Forno Bravo Forum: The Wood-Fired Oven Community

Forno Bravo Forum: The Wood-Fired Oven Community (http://www.fornobravo.com/forum/)
-   Get Cooking (http://www.fornobravo.com/forum/f18/)
-   -   Cooking thicker pizzas (http://www.fornobravo.com/forum/f18/cooking-thicker-pizzas-632.html)

mike 05-20-2006 07:32 AM

Cooking thicker pizzas
 
hello all! has anyone seen a wood-fired oven used for thicker and heavier pizzas? here in seattle people are very fond of thin crust naples-style pizza... but in the farming country of eastern washington they want their pizza to be more substantial.

so i'm curious about using a wood-fired oven for pizzas with more topping, such as american style or thick-crust pizza.

1. cooking time: how much longer does a thicker pizza need?
2. temperature: do you have to cook at a different temperature?
3. technique: are there any other differences in how the pizza is made?
4. restaurants: is anyone currently doing this?

mike

dsyl1 05-09-2011 12:29 PM

Re: Cooking thicker pizzas
 
dont have any experience with this project in my oven, but it sounds like you'll need to use a deep dish pan to execute

Tscarborough 05-09-2011 12:49 PM

Re: Cooking thicker pizzas
 
1. cooking time: how much longer does a thicker pizza need?
7-10 minutes
2. temperature: do you have to cook at a different temperature?
Yes, 500-550
3. technique: are there any other differences in how the pizza is made?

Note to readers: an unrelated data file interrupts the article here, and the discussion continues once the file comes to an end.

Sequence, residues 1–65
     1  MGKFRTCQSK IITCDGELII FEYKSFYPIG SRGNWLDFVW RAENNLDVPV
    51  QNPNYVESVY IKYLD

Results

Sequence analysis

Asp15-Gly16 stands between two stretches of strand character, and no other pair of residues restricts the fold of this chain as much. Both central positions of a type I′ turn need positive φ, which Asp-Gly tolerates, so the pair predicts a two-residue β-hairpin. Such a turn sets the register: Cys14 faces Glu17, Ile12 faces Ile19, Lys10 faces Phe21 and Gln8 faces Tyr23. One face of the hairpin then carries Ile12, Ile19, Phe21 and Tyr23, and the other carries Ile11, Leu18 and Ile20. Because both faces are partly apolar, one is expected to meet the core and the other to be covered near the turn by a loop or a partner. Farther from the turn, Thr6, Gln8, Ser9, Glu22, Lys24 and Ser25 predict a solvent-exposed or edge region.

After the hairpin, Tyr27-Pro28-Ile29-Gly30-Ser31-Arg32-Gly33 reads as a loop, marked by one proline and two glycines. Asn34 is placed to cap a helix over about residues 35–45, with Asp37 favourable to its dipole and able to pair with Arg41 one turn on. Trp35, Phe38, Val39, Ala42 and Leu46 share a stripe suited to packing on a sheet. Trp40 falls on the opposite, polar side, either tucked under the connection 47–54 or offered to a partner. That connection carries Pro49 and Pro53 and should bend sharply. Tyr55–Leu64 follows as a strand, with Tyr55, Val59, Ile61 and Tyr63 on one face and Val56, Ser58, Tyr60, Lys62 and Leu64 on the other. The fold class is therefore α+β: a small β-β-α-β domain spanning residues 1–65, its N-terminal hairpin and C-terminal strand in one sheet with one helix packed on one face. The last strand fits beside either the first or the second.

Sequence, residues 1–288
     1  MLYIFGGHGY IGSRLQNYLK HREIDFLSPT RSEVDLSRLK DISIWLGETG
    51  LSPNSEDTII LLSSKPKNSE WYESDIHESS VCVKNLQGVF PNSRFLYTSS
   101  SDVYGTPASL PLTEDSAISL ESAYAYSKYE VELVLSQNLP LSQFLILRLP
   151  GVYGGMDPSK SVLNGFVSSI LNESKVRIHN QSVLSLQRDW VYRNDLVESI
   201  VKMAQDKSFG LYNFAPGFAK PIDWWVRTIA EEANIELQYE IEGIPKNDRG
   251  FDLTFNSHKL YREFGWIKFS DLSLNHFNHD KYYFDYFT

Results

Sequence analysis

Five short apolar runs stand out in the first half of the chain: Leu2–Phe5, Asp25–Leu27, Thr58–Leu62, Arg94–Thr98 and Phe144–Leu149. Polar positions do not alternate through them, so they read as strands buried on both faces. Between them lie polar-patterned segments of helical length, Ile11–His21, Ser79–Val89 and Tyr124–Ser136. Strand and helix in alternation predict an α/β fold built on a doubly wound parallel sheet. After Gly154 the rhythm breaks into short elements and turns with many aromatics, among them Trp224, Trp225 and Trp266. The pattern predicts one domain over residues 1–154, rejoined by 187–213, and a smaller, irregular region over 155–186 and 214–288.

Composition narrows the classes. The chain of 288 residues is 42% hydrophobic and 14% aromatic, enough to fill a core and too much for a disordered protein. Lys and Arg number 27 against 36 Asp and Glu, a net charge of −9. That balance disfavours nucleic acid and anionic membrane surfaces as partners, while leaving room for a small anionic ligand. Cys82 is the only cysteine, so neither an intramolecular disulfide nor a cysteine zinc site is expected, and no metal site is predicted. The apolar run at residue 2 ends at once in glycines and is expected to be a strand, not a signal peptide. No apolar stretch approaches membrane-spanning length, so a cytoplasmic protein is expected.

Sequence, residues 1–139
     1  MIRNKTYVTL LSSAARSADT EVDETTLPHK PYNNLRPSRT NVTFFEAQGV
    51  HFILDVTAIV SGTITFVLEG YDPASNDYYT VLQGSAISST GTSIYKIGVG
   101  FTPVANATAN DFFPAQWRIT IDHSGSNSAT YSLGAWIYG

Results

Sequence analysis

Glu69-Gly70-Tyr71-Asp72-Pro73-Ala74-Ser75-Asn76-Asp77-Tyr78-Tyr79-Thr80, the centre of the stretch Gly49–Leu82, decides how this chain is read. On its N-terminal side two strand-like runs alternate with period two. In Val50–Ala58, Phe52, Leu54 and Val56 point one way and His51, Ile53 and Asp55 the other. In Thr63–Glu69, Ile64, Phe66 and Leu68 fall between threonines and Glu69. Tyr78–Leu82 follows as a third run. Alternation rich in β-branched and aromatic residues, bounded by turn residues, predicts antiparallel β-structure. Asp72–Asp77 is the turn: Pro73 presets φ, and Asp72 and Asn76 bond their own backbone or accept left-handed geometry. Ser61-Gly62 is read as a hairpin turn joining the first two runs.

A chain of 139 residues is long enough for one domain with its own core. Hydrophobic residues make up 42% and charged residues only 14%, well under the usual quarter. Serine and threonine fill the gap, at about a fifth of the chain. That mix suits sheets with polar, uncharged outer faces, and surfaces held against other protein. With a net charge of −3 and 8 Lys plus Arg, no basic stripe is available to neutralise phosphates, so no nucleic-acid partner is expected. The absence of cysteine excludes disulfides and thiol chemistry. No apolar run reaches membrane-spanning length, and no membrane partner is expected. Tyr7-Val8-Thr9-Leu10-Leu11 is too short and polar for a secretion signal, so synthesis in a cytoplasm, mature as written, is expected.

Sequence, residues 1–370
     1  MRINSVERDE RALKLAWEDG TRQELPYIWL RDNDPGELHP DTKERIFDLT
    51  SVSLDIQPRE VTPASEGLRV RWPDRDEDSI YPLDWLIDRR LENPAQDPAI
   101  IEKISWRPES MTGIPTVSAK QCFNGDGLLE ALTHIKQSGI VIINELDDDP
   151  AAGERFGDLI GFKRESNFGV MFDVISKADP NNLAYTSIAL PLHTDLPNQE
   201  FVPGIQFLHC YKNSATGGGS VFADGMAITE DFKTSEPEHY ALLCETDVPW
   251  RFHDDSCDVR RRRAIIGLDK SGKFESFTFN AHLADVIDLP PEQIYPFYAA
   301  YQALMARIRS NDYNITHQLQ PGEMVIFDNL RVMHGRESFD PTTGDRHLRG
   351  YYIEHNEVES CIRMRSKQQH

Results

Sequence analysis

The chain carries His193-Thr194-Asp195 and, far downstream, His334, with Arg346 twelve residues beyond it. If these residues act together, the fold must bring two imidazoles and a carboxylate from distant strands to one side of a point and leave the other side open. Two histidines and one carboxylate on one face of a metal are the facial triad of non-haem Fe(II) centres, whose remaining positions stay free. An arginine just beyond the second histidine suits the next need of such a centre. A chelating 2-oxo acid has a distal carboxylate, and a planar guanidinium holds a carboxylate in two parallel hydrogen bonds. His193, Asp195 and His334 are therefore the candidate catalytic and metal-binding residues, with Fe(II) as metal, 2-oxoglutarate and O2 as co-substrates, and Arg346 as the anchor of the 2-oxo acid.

Bigger dough ball in relation to size.
4. restaurants: is anyone currently doing this?
None that I know of.

texassourdough 05-09-2011 01:25 PM

Re: Cooking thicker pizzas
 
Hi Mike!

Making a thick crust pizza with a WFO is a bit like driving a screw with a hammer - wrong tool for the job. Oven control at the right temperature would be a nightmare. WFOs can easily be maintained at 650 or so to 800, but the temperature of open flames is not consistent with maintaining reasonable oven temp at 500 or so. That is what they make deck ovens for!

Just for grins I tried to make thicker crust "substantial" pizzas in my WFO shortly after it was finished and I never was able to cook the dough before the top burned.

Sort of like polishing your car with sandpaper!

Tman1 05-09-2011 01:34 PM

Re: Cooking thicker pizzas
 
Well, the other two T's certainly have more experience, but we used Wolfgang Pucks dough recipe and I think it might fit this bill. We couldn't get the dough stretched too thin because it would rip, but I always thought the crust was a little thicker than I would prefer. It is an easy dough to make though, and no one ever complained about it.

Oh, I didn't do anything different with the oven than I do with my new, higher hydration dough.

Faith In Virginia 05-09-2011 02:04 PM

Re: Cooking thicker pizzas
 
I think that if you approached the thicker pizza more like bread you will do fine. This requires you to remove all the coals and swab the floor. Or you could use the same method that you would use for a ciabatta with the fire still going but you cover your thick pizza with a cover for the first bit then remove the cover for the proper browning. I saw Dan Wing use this method in his class. But not on pizza. I think it's very doable